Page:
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Five communication tips for spouses

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As we continue to adjust to the new normal of sheltering at home and telework, we are physically around our spouses more than ever. This can be a great thing, but it can often come with challenges, especially if we struggle with healthy communication in the marriage. Here are five suggestions for strengthening your relationship during this stressful time by improving the ways we talk to each other.

1)       Be Honest about Concerns

Even in the best of marriages, there will be times when we unintentionally hurt or frustrate each other.  This is especially true when we’re in close proximity all the time due to travel restrictions. If we’re frustrated by something our spouse has done, we need to be honest with them about this. Obviously, we want to be respectful and appropriate when bringing our concerns, but we don’t want to try to sweep our concerns under the rug and pretend nothing happened. This only leads to growing frustration and resentment. One way to think of arguments is that they’re disagreements that didn’t happen soon enough.

2)      Find the Right Time to Talk

Having a difficult conversation successfully means knowing when both of you are in a good place to talk.  Trying to let someone know that you’re upset at 11 p.m. when you’re both trying to go to bed is rarely the best time. It’s a good idea to let your spouse know that there’s something important you’d like to discuss and ask if now is a good time to connect. If it’s not, set at time soon when you can have that conversation.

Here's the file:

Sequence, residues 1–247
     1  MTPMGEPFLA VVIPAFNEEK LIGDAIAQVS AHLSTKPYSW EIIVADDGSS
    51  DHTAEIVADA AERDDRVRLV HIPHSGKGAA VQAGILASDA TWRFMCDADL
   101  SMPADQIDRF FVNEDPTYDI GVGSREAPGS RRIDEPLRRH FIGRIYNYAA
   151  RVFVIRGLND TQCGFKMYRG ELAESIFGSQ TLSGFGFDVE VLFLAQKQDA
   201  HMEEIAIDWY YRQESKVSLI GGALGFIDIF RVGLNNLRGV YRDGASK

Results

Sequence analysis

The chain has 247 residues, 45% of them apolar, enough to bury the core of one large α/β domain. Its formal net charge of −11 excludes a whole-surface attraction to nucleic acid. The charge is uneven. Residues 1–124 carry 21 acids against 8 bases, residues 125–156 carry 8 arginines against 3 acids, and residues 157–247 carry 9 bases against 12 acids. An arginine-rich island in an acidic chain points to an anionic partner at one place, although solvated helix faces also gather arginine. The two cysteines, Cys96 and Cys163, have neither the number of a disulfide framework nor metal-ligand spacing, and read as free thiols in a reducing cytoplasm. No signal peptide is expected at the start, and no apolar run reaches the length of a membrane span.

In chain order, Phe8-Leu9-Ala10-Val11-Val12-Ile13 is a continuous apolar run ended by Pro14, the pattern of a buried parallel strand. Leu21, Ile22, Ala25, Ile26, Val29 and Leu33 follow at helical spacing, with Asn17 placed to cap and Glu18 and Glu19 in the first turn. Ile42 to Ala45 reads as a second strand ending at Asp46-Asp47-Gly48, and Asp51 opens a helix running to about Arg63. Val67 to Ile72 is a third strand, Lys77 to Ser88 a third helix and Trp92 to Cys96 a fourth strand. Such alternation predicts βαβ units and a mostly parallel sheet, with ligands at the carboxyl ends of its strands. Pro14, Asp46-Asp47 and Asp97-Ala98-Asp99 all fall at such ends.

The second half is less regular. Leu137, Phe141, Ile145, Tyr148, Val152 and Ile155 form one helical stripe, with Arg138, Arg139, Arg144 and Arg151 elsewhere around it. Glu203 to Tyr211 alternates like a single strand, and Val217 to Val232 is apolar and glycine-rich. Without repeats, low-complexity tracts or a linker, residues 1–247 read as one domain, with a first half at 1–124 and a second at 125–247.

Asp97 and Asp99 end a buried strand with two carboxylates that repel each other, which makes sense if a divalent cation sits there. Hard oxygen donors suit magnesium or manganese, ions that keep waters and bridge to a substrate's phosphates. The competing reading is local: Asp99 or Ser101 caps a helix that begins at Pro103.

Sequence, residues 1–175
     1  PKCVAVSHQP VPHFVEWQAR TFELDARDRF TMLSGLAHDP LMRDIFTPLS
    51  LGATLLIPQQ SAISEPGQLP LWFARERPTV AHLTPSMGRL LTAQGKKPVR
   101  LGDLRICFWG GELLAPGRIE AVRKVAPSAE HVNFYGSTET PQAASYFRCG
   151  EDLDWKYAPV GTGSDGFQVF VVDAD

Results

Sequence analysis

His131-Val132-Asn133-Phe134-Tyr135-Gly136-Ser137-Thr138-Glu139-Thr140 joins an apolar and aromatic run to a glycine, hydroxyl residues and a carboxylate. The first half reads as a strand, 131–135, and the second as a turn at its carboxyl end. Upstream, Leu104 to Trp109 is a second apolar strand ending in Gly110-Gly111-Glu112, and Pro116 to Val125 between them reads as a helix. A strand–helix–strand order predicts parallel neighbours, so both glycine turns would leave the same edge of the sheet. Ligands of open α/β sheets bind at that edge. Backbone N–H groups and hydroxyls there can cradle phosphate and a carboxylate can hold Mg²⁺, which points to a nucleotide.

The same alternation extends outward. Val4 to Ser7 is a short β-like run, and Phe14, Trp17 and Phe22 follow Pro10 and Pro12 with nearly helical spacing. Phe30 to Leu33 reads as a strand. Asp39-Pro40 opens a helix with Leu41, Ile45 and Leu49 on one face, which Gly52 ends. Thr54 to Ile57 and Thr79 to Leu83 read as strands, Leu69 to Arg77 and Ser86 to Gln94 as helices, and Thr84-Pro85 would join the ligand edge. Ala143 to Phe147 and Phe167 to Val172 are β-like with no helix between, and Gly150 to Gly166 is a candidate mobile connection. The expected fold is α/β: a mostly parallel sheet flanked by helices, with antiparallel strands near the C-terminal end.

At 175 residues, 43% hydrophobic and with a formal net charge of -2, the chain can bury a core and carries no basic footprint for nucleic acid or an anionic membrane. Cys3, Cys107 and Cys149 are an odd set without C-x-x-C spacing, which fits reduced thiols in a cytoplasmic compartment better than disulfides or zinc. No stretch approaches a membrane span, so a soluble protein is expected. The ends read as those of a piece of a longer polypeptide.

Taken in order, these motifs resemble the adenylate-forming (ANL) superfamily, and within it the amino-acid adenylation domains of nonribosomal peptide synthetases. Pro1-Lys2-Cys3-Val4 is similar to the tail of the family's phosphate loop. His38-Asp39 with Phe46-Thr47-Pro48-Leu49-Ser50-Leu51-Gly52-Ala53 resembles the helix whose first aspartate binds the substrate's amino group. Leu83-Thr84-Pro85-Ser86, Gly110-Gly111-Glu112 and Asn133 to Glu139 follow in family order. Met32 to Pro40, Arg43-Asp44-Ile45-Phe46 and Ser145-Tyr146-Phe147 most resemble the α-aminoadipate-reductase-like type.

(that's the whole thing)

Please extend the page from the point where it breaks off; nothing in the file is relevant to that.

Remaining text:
3)      Make It Collaborative

Healthy communication in a marriage is never about winning an argument. By default, if one spouse “wins” an argument then the other spouse “loses,” it really means that the whole marriage loses. Try to make any problem an “us” issue as opposed to a “you versus me” issue. We want to work together to improve the marriage. Remind yourself that the reason you both are trying to have this conversation is so that you can sort out the things that are keeping you two from connecting as well as you want. Nobody likes to have difficult conversations or tell their spouse that they felt hurt or disappointed. But we do it because we love the person so much that we’re willing to have those uncomfortable encounters in order to address issues, fix problems and strengthen the marriage.

4)      It’s OK to Call a Timeout

Not every conversation is going to go as smoothly as you hope. If you find that you or your spouse are starting to get frustrated during the conversation, it’s OK to pause. When we start getting angry with each other, we end up arguing about how we’re talking to each other, rather than the original issue itself. It’s fine to take a break, have some space to cool down and then reconvene to finish the discussion.

5)      Focus on the Positive

Even when we’re angry with our spouse, we want to remember their good qualities. This helps us keep perspective that we love them, even when we don’t like what they’re doing. Research shows that the happiest couples have at least five positive encounters for every negative encounter. So it’s important to go out of our way to create positive encounters. Tell your spouse the things you admire about them. Tell them when you appreciate something they do. Tell them thank you and that you love them. If you make appreciation and gratitude the bedrock of the marriage, it becomes easier to navigate the rockier moments and return to a joyful place.

Horne is Catholic Charities’ director of clinical services.

Find out more

To make a teletherapy appointment with a Catholic Charities counselor, call 703/425-0109 or 540/371-1124.

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